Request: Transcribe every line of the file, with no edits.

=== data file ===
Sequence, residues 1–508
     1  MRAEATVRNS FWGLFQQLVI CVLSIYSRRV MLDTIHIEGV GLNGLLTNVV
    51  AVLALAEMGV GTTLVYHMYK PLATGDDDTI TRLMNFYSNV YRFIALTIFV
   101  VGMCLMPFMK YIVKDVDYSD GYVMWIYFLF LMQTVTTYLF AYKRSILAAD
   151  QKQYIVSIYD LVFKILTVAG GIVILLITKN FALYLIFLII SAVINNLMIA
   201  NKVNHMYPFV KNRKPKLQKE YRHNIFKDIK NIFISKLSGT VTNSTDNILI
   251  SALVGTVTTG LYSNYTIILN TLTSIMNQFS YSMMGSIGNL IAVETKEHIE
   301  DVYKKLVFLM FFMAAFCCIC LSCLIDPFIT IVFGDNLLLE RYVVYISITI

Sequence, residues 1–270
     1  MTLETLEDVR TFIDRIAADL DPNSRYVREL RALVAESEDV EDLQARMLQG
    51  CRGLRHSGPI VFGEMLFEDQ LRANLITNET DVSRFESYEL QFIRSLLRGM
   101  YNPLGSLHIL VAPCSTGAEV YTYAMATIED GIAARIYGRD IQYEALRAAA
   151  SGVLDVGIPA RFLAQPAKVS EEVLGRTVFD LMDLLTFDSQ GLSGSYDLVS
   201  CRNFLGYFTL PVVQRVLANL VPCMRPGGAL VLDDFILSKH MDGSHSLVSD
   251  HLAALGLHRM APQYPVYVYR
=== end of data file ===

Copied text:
Sequence, residues 1–508
     1  MRAEATVRNS FWGLFQQLVI CVLSIYSRRV MLDTIHIEGV GLNGLLTNVV
    51  AVLALAEMGV GTTLVYHMYK PLATGDDDTI TRLMNFYSNV YRFIALTIFV
   101  VGMCLMPFMK YIVKDVDYSD GYVMWIYFLF LMQTVTTYLF AYKRSILAAD
   151  QKQYIVSIYD LVFKILTVAG GIVILLITKN FALYLIFLII SAVINNLMIA
   201  NKVNHMYPFV KNRKPKLQKE YRHNIFKDIK NIFISKLSGT VTNSTDNILI
   251  SALVGTVTTG LYSNYTIILN TLTSIMNQFS YSMMGSIGNL IAVETKEHIE
   301  DVYKKLVFLM FFMAAFCCIC LSCLIDPFIT IVFGDNLLLE RYVVYISITI

Sequence, residues 1–270
     1  MTLETLEDVR TFIDRIAADL DPNSRYVREL RALVAESEDV EDLQARMLQG
    51  CRGLRHSGPI VFGEMLFEDQ LRANLITNET DVSRFESYEL QFIRSLLRGM
   101  YNPLGSLHIL VAPCSTGAEV YTYAMATIED GIAARIYGRD IQYEALRAAA
   151  SGVLDVGIPA RFLAQPAKVS EEVLGRTVFD LMDLLTFDSQ GLSGSYDLVS
   201  CRNFLGYFTL PVVQRVLANL VPCMRPGGAL VLDDFILSKH MDGSHSLVSD
   251  HLAALGLHRM APQYPVYVYR